Lower Bay Complex
and long-term temporal community structure of the benthic fauna in the Lower Bay Complex. I will try to characterize communitymembership ingeneral terms, attempt to relate community structure to the physical environment, and finally, describe how community structure has changed over time. In addition, I will describe the process of analyzing large faunal data sets and assess the suitability of the techniques commonly used.
Unfortunately, no two regional studies used exactly the same methods (Table 18.1). There are differences in sampling locations, season of collection, sampling device, screen sizes used to sieve the samples, and taxonomy (since different taxonomists do not always identify an organism the same way). Corrections for differences inmethods do not exist, and the differences can have a substantial impact on results. Both Diaz and Boesch (1979) and Berg and Levinton (1984), in trying to compare Dean
(1975) and McGrath (1974), noted that differences in sampling locations, season of collection, and sieve sizes limited the conclusions that could be reached. Thus, any approach to comparing the regional benthic surveys must be able to overcome differences in sampling methods.
Because of large differences in methods, I will not consider Stainken et al. (1984) and Adams et al. (1998) in detail. The Stainken et al. (1984) study enumerated only very large benthic animals, and it did not provide results that can be reasonably compared to other studies. Adams et al. (1998) sampled randomly, and there was little overlap in locations between years or with other studies. To circumvent other sampling differences, I will take advantage of three factors. The survey by Cerrato et al. (1989) utilized methods that made it comparable to most of regional surveys that preceded it. It is also a good match to NOAA-USACE (2001) where both season and locations overlap, leaving only sieve size (0.5 mm vs. 1 mm) and identification differences. Secondly, species will be assigned to functional groups to reduce the effect of taxonomic differences. Finally, I will use a method called a Mantel test to compare the data sets in an indirect way that should be less sensitive to differences in methods.
Data from the regional studies consist of counts of individuals for each species present in the samples. Since there are hundreds of species and in some of the studies more than a hundred sampling locations involved, these data sets are unwieldy to examine in raw form and must be summarized in a way that allows community structure analysis. As a first step to examining large data sets, investigators often identify species that were representative of the diverse life histories present and good indicators of community structure and community change. In the present study, I assembled species lists from each regional survey using a variety of criteria and then formed a composite list. Criteria included identifying numerically abundant, cosmopolitan, and commercial species, species with interesting life history attributes, those sensitive to anthropogenic stress, important prey species, and those contributing most to community structure based on the multivariate analyses described below.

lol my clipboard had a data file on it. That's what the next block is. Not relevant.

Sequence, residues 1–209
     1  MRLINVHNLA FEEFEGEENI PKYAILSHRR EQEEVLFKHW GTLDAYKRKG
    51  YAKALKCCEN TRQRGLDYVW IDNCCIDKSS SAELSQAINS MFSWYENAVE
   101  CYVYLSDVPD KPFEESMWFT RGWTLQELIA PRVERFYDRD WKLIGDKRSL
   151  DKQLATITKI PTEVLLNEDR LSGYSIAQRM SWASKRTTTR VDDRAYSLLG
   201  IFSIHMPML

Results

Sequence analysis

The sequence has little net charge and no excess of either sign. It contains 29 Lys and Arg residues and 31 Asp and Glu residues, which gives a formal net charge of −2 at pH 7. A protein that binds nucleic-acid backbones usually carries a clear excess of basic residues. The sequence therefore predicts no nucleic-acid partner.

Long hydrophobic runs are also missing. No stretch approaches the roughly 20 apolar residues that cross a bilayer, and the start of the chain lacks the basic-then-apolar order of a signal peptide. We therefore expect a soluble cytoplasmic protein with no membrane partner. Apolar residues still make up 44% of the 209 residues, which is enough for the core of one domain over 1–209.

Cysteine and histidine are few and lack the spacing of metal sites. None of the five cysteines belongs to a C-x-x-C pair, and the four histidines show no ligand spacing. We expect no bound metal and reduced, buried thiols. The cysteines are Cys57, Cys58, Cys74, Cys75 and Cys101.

In addition to analyzing the data at the level of individual taxa, species in each data set were also assigned to functional groups on the basis of similar lifestyles. Tabulating a large taxonom-ically diverse benthic assemblage into functional groups loses information since the abundances of many species are added together. Functional groups do, however, reduce taxonomic discrepancies between studies and considerably reduce data sets to a smaller number of ecologically meaningful descriptors. Criteria for assigning species vary but it seems reasonable to consider the animal's primary feeding mode combined with whether the organism was infaunal or epifaunal, whether it constructed a tube or was free living, and whether it was mobile or sessile. These criteria merge two prior attempts (Woodin and Jackson, 1979; Fauchild and Jumars, 1979) at classifying the marine benthos in terms of similar lifestyles.
Most ecologists summarize large data sets for further analysis by calculating an index of ecological resemblance or association between the sampling sites or species present (Legendre and Legendre,
1998). In this study, the Bray-Curtis index was used:
D_ E"=1 1*1 j - X2 j I Yl"j=1 (x1 j + x2 j)
If the benthic communities at two sampling locations are being compared, the xij are the abundances (usually root or log transformed to decrease the influence of dominants) of each species present at each location, and the approach is called normal analysis. If associations between two species are being compared, the xij are abundances (again usually transformed) of the species at each sampling location in the study, and the approach is called inverse analysis. The Bray-Curtis indexvaries between 0 and 1, with 0 representing perfect ecological resemblance, and 1 being no similarity. When calculated for all pairs of sampling stations or species, the values can be assembled together to form a matrix of index values, called an ecological resemblance matrix.
Ordination and cluster analysis are two common, multivariate methods used to visualize relationships contained in an ecological resemblance matrix (Field, Clarke, and Warwick, 1982; Legendre and Legendre, 1998). Ordination attempts to plot the sampling stations or species in two- or three-dimensions such that the distances betweenpoints are related to the values in the ecological resemblance matrix. Cluster analysis combines stations or species into groups based on the similarity of their ecological resemblance values. Goodness-of-fit criteria exist for both methods to evaluate how well theyrepresent the originalresemblance matrix (Rohlf, 1993).